The study was randomized, double-blind, and vehicle-controlled. Eligible patients were 18 years of age or older with stable, active plaque psoriasis involving 10% body surface area (BSA) or less. Exclusion criteria were: serious or unstable medical or psychological condition, active liver or renal disease, smoking, history of alcohol or drug abuse within the past one year, pregnancy, or planning on becoming pregnant. Concomitant topical therapy, phototherapy or systemic therapy for psoriasis was prohibited throughout the study, with the exception of emollients. Patients, investigators, and all study staff were blinded to treatment assignments.

Patients were randomly assigned into two groups: 22 subjects were treated with Dunaliella capsules and 11 subjects (control) were treated with capsules containing starch powder, as the placebo. Treatment dosage was four capsules of the alga D. bardawil (Nikken Sohonsha Corporation, Gifu, Japan), two capsules after breakfast and two after dinner. Each capsule contained 15-20 mg β-carotene with a ratio of 9-cis β-carotene to all-trans β-carotene of about 1:1.

An institutional review board or ethics committee approved the study protocol. Written informed consent was obtained from patients before the start of any study related procedure.

Clinical Efficacy Evaluation

As a measure of the clinical response, (Psoriasis Area and Severity Index) PASI scores were given by an investigator blinded to the treatment assignment at baseline, after 6 weeks and at completion of the study (12 weeks). As a marker of inflammation, the acute phase protein C-reactive protein (CRP) was measured using a commercial kit by autoanalyzer (Olympus). Digital photographing of the lesions was carried out by the same schedule. A Dermatology Life Quality Index (DLQI) questionnaire was used to evaluate the quality of life of patients at 0, 6 and 12 weeks.

Safety and Tolerability Evaluation

At the pre-study visit, the medical history was recorded and a physical examination, including vital parameters (e.g. blood pressure, pulse, weight, and temperature), was completed. A blood sample was taken for analysis of complete blood cell counts, liver and renal functions, fasting lipid analysis, 9-cis β-carotene, and all-trans β-carotene at baseline and at 6 and 12 weeks.

Nutritional Evaluation

Patients' dietary intakes were assessed by the 24 h recall method delivered by an experienced nurse, directed by a clinical dietitian, on 3 days during the 12 week period, 2 days in the middle of the week and 1 day on the weekend. The data was analyzed for nutrient content by the nutrition data system of the International Center of Health and Nutrition at Ben-Gurion University, Beer-Sheba, Israel.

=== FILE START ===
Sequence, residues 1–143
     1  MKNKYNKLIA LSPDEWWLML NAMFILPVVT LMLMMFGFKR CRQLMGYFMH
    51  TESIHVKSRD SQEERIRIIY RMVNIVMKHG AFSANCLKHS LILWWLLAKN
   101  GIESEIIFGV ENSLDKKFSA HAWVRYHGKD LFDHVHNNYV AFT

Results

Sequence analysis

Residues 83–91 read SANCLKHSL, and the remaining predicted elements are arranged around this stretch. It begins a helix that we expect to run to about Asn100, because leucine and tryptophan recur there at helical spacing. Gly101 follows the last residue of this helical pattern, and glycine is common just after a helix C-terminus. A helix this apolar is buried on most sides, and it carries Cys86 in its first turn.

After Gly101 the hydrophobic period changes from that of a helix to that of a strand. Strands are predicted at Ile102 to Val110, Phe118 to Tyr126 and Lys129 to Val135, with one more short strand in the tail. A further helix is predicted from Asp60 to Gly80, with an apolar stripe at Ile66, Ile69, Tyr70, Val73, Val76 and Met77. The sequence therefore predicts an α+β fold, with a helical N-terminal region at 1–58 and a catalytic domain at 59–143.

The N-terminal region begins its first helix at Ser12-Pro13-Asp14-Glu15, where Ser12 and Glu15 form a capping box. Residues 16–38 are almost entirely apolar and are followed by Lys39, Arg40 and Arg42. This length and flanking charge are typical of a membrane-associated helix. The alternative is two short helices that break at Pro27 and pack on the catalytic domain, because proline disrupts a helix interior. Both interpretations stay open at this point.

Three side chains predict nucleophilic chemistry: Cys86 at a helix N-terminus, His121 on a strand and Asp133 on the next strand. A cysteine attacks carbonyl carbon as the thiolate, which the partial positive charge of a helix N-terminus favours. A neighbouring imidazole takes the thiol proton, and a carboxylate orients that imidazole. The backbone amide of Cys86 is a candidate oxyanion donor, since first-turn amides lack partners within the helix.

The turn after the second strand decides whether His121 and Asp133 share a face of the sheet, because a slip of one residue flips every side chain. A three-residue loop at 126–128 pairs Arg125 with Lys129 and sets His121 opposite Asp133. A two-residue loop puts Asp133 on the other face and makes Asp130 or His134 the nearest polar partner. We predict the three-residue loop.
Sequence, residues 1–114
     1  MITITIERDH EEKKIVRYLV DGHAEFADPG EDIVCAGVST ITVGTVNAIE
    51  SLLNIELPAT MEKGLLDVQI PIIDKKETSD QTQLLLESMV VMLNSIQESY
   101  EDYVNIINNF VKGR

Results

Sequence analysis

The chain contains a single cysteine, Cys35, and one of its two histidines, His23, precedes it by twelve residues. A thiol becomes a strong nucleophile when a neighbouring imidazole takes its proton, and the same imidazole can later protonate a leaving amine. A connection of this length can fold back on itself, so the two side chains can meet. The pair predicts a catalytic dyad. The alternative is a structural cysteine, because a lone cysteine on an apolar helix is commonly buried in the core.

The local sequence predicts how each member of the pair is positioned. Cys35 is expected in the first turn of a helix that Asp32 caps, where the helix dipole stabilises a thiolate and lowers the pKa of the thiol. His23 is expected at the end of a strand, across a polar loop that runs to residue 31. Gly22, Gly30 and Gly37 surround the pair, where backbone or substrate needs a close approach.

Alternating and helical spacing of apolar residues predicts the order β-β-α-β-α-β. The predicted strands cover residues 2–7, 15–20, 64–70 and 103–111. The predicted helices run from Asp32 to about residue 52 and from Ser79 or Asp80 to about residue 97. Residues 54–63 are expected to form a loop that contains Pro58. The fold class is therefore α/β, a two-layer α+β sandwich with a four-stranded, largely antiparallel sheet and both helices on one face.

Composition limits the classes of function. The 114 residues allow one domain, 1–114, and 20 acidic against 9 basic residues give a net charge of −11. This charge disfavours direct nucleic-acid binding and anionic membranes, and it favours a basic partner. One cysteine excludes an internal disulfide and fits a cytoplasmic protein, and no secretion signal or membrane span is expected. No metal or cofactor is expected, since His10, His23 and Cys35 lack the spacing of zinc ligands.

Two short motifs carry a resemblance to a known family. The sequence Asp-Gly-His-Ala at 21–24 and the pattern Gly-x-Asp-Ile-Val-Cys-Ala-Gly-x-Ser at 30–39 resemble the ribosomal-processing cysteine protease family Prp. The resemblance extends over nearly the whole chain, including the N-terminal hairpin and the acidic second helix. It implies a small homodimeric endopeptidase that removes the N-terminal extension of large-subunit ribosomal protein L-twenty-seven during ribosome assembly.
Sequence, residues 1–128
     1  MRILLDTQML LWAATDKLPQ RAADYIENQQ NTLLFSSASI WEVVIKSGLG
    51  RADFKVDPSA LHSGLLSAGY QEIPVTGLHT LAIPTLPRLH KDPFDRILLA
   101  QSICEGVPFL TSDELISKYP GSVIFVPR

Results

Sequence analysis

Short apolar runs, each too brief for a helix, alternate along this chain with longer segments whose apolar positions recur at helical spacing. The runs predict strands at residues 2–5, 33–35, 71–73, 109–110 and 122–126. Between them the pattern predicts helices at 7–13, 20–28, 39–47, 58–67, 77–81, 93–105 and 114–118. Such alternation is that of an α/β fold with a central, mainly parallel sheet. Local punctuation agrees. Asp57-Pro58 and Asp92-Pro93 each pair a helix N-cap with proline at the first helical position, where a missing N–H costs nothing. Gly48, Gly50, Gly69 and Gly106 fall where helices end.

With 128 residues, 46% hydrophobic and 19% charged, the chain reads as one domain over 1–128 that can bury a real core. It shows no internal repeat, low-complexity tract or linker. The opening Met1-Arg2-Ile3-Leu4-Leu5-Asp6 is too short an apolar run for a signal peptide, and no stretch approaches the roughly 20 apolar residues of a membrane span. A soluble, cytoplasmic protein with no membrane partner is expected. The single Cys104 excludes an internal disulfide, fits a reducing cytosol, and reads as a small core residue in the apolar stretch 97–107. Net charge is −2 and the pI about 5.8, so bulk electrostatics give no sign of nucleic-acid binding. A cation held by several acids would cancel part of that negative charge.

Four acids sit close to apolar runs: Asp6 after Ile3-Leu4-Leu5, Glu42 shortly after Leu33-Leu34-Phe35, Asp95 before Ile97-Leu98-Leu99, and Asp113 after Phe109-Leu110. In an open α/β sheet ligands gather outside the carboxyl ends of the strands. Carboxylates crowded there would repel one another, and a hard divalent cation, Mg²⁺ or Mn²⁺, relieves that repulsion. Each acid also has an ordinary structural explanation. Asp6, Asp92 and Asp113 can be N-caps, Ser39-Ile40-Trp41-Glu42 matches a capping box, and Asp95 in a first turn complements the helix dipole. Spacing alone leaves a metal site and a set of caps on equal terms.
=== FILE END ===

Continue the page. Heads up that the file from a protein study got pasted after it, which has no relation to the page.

Statistical Analysis

Paired t-test or Wilkoxon signed ranked test for non-parametric variables were used to compare the results of the human group before and after the Dunaliella administration. Pearson's correlation test was used to detect the link between variables. Statistical tests were all two-sided. P<0.05 was accepted as statistically significant.

Results

Efficacy

33 patients were recruited. 7 patients did not attend treatment sessions regularly or failed to comply with the study requirements and were excluded from evaluation. 26 patients completed the study; of these, 15 had received treatment with Dunaliella and 11 with control, placebo pills. The characteristics of the two patient cohorts are given in Table I. The treatment groups were similar in demographic and disease characteristics at baseline. All participants who completed the trial were at least 85% compliant with the treatment regimen as determined by patient interview and pill counts. The results are summarized in FIGS. 1 and 2.

TABLE 1
Characteristics of the two patient cohorts.
DunaliellaControl
Age (median, IQR)52 (39-56)52 (39-65)
Males98
Females63
Weight7681
Systolic blood pressure121130
Diastolic blood pressure8086
pulse7271
fasting glucose9193
blood creatinin11
Total cholesterol185209
TG97139
HDL4948

After six weeks of twice-daily treatment, PASI scores were significantly reduced from baseline in patient group treated with Dunaliella, whereas the control group did not reach significance (P=0.04 vs. P=0.6, respectively). Similar results were obtained after 12 weeks of treatment (P=0.004 vs. P=0.07, respectively). The number of patients reached PASI 50% after 12 weeks of treatment was 80% in Dunaliella group and 45% in control group. The number of patients reached PASI 75% after 12 weeks of treatment was 40% in Dunaliella group and 27% in control group. In order to evaluate Dunaliella effect on the patient's quality of life, DLQI assay was performed. The results are summarized in FIG. 3. The mean change from baseline to week 6 and 12 was 12 and 27.6 (P=0.009 for 12 weeks) in the Dunaliella group, respectively. In the control group the mean change was 5.9 and -21.9 (P=0.93 for 12 weeks), respectively.

As a surrogate marker for inflammation, CRP levels were analyzed at the baseline and at weeks 6 and 12. Significant reduction in CRP was found in the Dunaliella group but not in the control group.

Thus, the treatment with Dunaliella resulted in a significant improvement in the psoriasis patients.

Safety

There were no treatment-related adverse events in the overall study. In the Dunaliella group, one patient had a myocardial infarction during percutanerous transluminal coronary angioplasty leading to an emergency coronary artery bypass. In the control group, one patient had syncope, without a known cause. Two patients in the Dunaliella group reported accelerated hair growth and darkening of hair.